GREENFIELD — If only they could do his bidding.
Poking up from the snow, in cheerful hues of bright yellow and blue, are more than a dozen minions, grinning up at the passers-by who stop to gawk or grab a photo.
It’s hard telling who derives more joy from the scene in Rick Horton’s front yard — “Despicable Me” fans or the artist who created the movie’s beloved characters out of snow.
Horton’s house, which sits at the corner of Forest Avenue and State Street in Greenfield, is no different than any of its neighbors in the summer months. But in winter, drivers tend to linger at the stop sign nearby whenever there’s snow on the ground.
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Horton calls himself “the snow artist” because every year when the white stuff piles up high enough, he makes something beautiful out of the worst that winter can dump on the front lawn.
And we’re not talking about the average snowman. His creations are more elaborate, often standing several feet high and filling the front of his corner lot.
Horton often watches from his living room window as smiling strangers drive past his house, some stopping to take pictures from the front seat, some hopping out of the car for a better look. Sometimes, he’ll even step outside to introduce himself if a group seems particularly interested.
His sculptures are a colorful sight on a dull winter day and, even though they are only temporary, Horton said he knows they bring people joy, so he’ll keep making them as long as he’s able.
“I’ve always been a creative person,” he said. “People come by here every year to see them. Sometimes it’s like a traffic jam out front, but that’s the payoff.”
The sculptures started on an afternoon in 1997 when Horton and his daughter were outside building a snowman. It was such good packing snow, he remembers, he got a little carried away. He decided to form and paint Homer Simpson instead, right there in the front yard.
And the neighbors went nuts.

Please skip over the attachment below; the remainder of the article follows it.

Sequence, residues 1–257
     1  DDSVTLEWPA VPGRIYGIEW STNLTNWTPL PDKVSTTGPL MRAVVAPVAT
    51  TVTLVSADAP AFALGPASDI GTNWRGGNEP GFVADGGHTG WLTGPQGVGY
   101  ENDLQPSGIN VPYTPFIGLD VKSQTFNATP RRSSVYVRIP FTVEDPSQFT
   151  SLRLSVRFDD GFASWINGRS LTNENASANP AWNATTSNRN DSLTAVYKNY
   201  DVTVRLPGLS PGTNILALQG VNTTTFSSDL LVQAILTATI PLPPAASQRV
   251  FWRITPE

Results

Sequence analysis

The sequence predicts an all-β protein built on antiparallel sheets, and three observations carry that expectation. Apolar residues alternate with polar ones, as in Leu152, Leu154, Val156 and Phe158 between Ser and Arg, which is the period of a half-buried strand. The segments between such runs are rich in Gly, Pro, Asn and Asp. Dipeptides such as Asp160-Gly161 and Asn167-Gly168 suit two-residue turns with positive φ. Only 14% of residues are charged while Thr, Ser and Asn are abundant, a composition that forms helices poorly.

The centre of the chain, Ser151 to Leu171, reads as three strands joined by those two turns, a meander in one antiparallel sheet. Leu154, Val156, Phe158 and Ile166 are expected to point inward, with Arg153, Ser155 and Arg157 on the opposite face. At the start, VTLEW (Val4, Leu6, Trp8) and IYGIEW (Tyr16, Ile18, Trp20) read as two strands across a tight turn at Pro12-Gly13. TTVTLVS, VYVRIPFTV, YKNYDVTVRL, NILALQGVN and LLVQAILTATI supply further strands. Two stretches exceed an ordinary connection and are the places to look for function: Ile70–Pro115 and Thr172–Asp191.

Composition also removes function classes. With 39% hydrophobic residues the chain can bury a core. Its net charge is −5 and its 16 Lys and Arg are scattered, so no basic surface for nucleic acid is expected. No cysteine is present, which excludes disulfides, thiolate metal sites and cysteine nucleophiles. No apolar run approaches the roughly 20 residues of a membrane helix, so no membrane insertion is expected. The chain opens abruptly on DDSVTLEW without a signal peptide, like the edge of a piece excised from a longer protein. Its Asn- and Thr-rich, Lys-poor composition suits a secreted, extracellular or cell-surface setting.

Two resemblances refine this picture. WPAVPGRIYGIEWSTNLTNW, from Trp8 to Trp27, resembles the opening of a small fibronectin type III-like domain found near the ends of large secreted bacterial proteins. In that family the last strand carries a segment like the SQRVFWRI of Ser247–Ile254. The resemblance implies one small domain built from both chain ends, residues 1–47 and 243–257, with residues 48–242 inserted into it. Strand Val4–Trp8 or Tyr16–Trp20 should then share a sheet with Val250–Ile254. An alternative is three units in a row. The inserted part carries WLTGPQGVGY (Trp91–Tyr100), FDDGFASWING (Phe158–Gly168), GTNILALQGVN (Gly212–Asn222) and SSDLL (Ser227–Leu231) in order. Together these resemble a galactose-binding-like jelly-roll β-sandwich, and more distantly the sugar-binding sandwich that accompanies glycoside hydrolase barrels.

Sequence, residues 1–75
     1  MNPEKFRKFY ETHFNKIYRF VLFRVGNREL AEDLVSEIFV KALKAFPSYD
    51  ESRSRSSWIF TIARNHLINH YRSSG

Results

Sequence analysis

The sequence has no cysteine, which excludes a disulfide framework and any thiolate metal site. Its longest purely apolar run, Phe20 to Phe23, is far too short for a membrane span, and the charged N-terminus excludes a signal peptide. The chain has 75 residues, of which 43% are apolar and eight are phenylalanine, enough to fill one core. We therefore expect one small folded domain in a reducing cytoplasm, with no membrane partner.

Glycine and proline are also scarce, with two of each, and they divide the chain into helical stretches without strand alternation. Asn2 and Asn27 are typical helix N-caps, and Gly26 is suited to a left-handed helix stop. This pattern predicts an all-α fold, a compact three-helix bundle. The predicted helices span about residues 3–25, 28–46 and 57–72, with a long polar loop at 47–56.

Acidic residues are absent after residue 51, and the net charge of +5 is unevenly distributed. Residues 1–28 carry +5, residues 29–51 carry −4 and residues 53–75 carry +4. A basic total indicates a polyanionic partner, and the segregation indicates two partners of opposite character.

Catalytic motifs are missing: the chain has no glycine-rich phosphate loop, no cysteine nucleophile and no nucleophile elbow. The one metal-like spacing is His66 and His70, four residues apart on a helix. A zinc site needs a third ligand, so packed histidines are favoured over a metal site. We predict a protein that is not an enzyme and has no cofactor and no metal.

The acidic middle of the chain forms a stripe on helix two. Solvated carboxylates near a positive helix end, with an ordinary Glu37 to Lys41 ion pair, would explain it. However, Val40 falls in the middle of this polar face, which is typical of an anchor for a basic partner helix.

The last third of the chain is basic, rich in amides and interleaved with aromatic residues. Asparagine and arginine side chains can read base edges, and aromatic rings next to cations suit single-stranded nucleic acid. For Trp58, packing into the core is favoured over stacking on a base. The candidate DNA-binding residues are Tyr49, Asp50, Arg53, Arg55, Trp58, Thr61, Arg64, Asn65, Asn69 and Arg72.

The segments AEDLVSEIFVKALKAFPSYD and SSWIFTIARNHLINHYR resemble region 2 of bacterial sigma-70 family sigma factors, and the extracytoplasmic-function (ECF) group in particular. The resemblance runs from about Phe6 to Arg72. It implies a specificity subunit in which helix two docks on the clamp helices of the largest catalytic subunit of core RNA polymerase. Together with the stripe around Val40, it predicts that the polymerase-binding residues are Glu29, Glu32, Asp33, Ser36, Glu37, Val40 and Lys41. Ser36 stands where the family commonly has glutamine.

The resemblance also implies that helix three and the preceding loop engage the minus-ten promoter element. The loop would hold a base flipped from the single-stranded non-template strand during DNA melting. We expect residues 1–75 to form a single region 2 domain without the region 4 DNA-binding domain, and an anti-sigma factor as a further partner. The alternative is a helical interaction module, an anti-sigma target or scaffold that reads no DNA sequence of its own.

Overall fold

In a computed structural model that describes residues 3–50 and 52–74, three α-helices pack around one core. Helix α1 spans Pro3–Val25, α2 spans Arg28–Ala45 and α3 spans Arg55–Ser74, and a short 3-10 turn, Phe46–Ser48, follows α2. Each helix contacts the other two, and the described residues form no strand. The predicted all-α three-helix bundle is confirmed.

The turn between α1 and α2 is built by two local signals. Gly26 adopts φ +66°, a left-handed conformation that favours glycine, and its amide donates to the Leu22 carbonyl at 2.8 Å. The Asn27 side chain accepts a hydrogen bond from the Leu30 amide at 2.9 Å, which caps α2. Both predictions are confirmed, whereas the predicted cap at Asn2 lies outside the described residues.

“People said they loved it,” Horton said. “Even in the summer, they were still talking about it.”
So, he kept creating. There have been giant cats, lizards and fish, Indy cars and UFOs. His favorite was a 50-foot rattlesnake that spiraled its way through his front yard and around the corner.
Horton tries to make something reflective of whatever is popular at the time, like the iPod he made in 2010 or this year’s project, a group of minions from the hit animated movie, “Despicable Me.”
Planning the sculptures starts with a quick glance at the extended forecast: If it doesn’t look like the snow will stick around long, he won’t bother trying to build; but if he hears a big snowstorm is coming with cold temperatures to follow, he knows to be ready.
The sculptures usually take an average of four hours to build. And there’s no free-handing here. Horton is a man with a plan.
He draws what he wants the final project to look like before heading outside, then uses the sketch as a sort of map.
This year’s minions have been by far the most difficult, he said. He started building Sunday around 9 a.m. and did not finish until nearly 11 p.m. He also spent roughly $45 on spray paint, when it usually costs $10.
He used stencils cut out of old cereal boxes to keep a consistent look, a curse of his perfectionist ways. And when it came to minions, he knew just one wouldn’t do.
“This one was a lot more work that I thought,” he said. “But I knew if I was going to do minions, there needed to be a lot of them.”
Barry Clevenger and his wife, Monika, were on their way out of town when they saw Horton in his front yard working on the minion sculptures. They made sure to make a slight detour past the house on their way home to see the finished product.
“He’s clearly very creative,” Clevenger said, adding that they’re always anxious to see what Horton’s annual creation will be. So far, Clevenger said, the minions are his favorite.
By Monday afternoon, word had spread, and the minions were already drawing visitors to the Hortons’ yard. Two or three school buses even buzzed past to give the young riders an extra treat, Horton’s wife, Melissa, said.
Although the family has been apprehensive about it, no one has ever damaged one of Horton’s sculptures, no matter how popular it’s gotten.
“We’ve always worried about that, but it has never been a problem,” she said. “I think people just like them too much.”
But all good things must come to an end.
The sculptures typically last for a week before melting or falling down, Horton said. It won’t be too long, however, before the sun pops out for good, and people start asking him what he’ll make next winter.
But it’s only once the snow begins to fall again that Horton will get to thinking.
And spray painting.
And eventually, his front yard will turn into one of the most popular sites in town.
“Everybody looks forward to it,” his wife said.